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Tuesday, February 27, 2007

He chose... Poorly.

There was an article in the Dallas Morning News yesterday about several of the local school districts using an online test produced by Gallup Corp. to screen potential teaching applicants at their schools. Using what is called the TeacherInsight test, employers are turning away many candidates because of their scores.

The article states:
“Unlike state-required certification exams, TeacherInsight measures values and behavior -- not subject knowledge. Gallup says the questions gauge natural talent based on 30 years of researching top-performing teachers."

According to Gallup officials, even though some of the questions might seem a bit subjective, top-quality teachers select the same answers, thus proving their worth.

They didn't list any of the actual test questions in the article, but I think I can imagine what the questions might look like.

#1 You have given an assessment. What do you do for your Talented and Gifted student, to ensure that he does not get bored when he is done?
A) Provide him with a choice of stimulating books to read when he is finished.
B) Ask him to write his own creative story on the back of the test.
C) Give him a 3-star crossword puzzle to work.
D) Buy him fireworks and chewing tobacco.

#2 You are participating in a fire drill exercise when you notice that one of your students is missing. What do you do?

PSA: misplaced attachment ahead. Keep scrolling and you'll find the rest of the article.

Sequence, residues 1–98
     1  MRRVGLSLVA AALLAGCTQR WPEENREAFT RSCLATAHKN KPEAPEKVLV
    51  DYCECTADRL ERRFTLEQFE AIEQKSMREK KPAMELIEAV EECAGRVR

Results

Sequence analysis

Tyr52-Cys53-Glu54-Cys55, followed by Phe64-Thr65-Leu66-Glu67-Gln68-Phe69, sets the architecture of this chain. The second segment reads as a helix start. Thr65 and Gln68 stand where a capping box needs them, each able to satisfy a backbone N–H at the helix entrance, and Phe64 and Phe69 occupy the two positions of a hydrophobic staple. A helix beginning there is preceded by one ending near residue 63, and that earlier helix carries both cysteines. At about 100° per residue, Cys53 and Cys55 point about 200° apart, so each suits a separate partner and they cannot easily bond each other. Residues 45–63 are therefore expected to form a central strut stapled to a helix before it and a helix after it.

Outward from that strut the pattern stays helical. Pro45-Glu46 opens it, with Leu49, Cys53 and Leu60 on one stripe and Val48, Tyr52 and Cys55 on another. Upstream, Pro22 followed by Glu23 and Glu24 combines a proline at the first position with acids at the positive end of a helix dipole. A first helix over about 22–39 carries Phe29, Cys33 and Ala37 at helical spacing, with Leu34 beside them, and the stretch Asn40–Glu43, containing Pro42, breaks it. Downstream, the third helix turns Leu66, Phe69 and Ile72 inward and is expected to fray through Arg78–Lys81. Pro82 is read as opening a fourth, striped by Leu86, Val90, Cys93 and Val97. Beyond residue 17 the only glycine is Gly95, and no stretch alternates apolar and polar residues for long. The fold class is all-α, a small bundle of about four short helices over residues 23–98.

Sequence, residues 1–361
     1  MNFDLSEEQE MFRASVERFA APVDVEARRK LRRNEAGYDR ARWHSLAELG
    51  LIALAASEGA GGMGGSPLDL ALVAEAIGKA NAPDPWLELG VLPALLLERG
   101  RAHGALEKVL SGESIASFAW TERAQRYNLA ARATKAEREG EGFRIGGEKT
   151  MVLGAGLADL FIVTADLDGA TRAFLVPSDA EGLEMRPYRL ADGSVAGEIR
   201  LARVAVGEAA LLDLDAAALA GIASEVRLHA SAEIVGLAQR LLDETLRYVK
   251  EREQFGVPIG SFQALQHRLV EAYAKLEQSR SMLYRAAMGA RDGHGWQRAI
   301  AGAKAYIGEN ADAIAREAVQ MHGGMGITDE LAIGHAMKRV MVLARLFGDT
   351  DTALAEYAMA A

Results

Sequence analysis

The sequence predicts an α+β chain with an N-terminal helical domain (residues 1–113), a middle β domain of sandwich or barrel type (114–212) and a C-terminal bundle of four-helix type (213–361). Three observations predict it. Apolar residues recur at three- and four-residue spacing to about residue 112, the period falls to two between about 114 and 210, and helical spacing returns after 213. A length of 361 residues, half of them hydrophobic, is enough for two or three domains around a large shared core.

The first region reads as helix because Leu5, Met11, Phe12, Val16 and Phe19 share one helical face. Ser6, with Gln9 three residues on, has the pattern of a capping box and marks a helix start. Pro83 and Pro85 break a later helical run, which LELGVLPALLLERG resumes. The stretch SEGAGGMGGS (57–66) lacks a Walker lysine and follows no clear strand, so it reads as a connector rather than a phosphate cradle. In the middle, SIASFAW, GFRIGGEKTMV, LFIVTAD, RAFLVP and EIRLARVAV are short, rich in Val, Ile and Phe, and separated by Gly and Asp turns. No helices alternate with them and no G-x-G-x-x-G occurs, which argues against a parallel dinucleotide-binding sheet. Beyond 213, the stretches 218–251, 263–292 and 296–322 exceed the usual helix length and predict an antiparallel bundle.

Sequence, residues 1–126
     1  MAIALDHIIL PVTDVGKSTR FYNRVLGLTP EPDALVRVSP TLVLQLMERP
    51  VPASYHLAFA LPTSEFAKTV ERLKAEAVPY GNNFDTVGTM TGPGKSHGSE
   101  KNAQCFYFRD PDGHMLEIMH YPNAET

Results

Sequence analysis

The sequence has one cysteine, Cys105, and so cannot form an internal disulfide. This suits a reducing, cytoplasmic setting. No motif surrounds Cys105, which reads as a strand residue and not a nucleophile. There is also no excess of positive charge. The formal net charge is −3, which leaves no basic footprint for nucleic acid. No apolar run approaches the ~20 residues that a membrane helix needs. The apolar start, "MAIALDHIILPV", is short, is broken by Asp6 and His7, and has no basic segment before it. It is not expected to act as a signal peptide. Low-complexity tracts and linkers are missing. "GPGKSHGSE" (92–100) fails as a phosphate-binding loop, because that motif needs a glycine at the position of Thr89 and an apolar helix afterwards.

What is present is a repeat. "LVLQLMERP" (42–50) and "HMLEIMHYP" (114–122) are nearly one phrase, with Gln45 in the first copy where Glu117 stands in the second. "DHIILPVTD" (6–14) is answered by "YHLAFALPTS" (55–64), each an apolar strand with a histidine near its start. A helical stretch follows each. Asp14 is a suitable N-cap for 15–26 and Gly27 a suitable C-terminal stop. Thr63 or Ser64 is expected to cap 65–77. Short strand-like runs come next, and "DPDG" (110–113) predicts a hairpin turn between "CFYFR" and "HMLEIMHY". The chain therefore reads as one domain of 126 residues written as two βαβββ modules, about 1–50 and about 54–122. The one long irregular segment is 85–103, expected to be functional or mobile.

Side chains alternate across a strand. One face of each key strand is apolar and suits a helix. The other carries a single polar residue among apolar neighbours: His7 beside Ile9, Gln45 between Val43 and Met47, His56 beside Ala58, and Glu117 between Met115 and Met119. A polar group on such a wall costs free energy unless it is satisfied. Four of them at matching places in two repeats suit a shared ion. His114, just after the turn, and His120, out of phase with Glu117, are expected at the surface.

A) Call the administrator and advise him or her of the situation.
B) Ask another teacher to watch your class while you go to look for the child.
C) Tell your other kids that you will give a reward to whoever runs back into the building and finds the missing child.
D) Use this as a teaching opportunity to explain that 95% out of 100 is still pretty high.

#3 You are having a phone conference with an irate parent, and some hurtful things have been said. How do you end the call?
A) “Thank you very much for your time. I look forward to seeing little Billy tomorrow morning.”
B) “I'm sorry that emotions are running so high, but I think we made some progress here today."
C) “I don't want to argue anymore, I'll have my principal gave you a call."
D) “Smell ya later, Beee-yotch!”

So perhaps it's true, perhaps a large portion of candidates CAN be screened out based on the answers they select on an online test. All I can say is, if you take something like this, be sure to choose your answers carefully…


IMC Guy said...

I love your questions! Do you have any more? I really think that you can never tell how successful a teacher is going to be until they are in the classroom for a while. I've been on interview teams and while some candidates seemed like they'd be great on paper, they didn't work out. There are others who probably didn't get the job because of a poor interview yet would have been fantastic teachers. It's hard to find what it really takes in a test or even an interview.

KauaiMark said...

The answer is 'D'...right?

Or maybe I should say: "The right answer is always 'D'"

Anonymous said...

If only the answers were thta obvious! I've taken it, and most of the questions list at least 3 of the 4 choices that sound like really good answers. Which one you would pick really depends on the student and the individual situation. If they were that obvious, it wouldn't such a big deal!